I do not know that it is very interesting to an audience to have a speaker excuse himself for want of preparation, but you see at the foot of this toast the name of the man whose place I was called upon, just before coming into supper, to fill. There are a number of the officers of the regular army present, one of whom might better perhaps have been selected than myself, but I understand no one was willing to respond on such short notice, and our President said the Carr family had to do it. My big brother said it would not do for him to do it, because it would be considered a put-up job for him to get a chance to make a speech. We have present with the Army of the Tennessee, General John E. Smith, General Brackett, three young officers stationed at the Arsenal here, to say nothing of our President and an ex-Secretary of War. I believe that I am the oldest officer in the line of the army, except perhaps four or five, and probably I can answer for that army in words to some little extent, though I am proud to
say the army has always answered for itself in the field. [Applause. ]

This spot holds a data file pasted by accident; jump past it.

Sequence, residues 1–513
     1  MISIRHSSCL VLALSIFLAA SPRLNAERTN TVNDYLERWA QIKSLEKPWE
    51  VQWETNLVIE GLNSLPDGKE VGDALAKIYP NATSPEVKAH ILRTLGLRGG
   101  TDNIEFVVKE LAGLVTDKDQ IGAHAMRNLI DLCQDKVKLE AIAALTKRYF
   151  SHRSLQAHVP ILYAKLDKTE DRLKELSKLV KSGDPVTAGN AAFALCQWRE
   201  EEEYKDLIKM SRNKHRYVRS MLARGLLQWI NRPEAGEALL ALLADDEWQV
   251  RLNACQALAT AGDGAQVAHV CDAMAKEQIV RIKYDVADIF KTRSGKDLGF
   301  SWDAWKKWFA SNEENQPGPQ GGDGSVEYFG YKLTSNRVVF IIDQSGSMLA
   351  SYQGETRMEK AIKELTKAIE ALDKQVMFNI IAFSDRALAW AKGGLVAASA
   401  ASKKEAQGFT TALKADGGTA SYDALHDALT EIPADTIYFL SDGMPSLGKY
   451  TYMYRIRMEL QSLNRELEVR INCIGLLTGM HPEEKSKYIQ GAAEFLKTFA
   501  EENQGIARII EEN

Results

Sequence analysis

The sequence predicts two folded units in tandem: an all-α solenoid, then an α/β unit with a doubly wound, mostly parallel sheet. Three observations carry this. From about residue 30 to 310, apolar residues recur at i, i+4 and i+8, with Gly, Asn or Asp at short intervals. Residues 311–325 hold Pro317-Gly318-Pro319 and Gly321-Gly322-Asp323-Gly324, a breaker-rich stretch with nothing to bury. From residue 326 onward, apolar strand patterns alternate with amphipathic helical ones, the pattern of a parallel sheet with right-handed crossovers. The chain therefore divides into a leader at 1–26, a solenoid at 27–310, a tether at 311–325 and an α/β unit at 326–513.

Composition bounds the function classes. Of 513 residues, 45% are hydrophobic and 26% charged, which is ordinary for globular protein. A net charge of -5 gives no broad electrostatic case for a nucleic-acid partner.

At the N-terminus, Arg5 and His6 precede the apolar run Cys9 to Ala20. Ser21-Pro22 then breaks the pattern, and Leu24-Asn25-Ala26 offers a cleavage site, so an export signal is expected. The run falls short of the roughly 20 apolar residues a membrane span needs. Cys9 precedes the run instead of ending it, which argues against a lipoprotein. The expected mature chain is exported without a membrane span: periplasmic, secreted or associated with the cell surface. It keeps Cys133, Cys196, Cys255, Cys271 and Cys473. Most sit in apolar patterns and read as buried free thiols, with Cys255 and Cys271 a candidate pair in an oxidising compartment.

On an occasion like this, it is usual to simply indulge in glittering generalities, but there are one or two things that I wish to mention in regard to the regular army to correct some mistakes which have arisen. It is thought by some that the greater part of the officers of the regular army are West Point graduates. The contrary is the fact. I think about three-fourths of the present officers of the army are not graduates of West Point. They are men who came into the service at the close of the war, or during the war, or who have come in since civil life. Almost all the field officers and captains are men who are not graduates of West Point. Another mistake is that a large proportion of the officers of the army resigned at the opening of the war, and went South. There was a comparatively small proportion even of those whose homes were in the South, a goodly number remaining loyal to the Aag. One example is General Thomas whom we all knew. [Applause.] The regular army is naturally loyal to the government. I have been through two sieges where at one time I had to be loyal to a government that was pro-slavery, and another time to a government that was anti-slavery. During the troubles in Kan. sas, the army, no matter what its sympathies were, was obliged to throw its weight on the side of a government which was in favor of forcing slavery upon Kansas. When the rebellion broke out, the government was the other way. Not only the officers remained loyal, but a great many of the soldiers who were born in the South, and enlisted in the South were as loyal as any men in the service. Another mistake is that promotion from the ranks is almost unknown. On the contrary every year there are eral soldiers promoted from the ranks. The law now provides that any soldier who is recommended by his officers, shall be examined and be recommended for promotion if he passes the examination. The President can not place a civilian in the army as long as there is a vacancy which can be filled by a soldier who has passed the examination. When I became Colonel, I found one man whose claims, for some reason, had been disregarded. I took some pains and got him promoted to be a Second Lieutenant, and he has been further promoted, so that at this time he holds the valuable and lucrative office of sutler at one of the largest posts in the army. [Laughter.]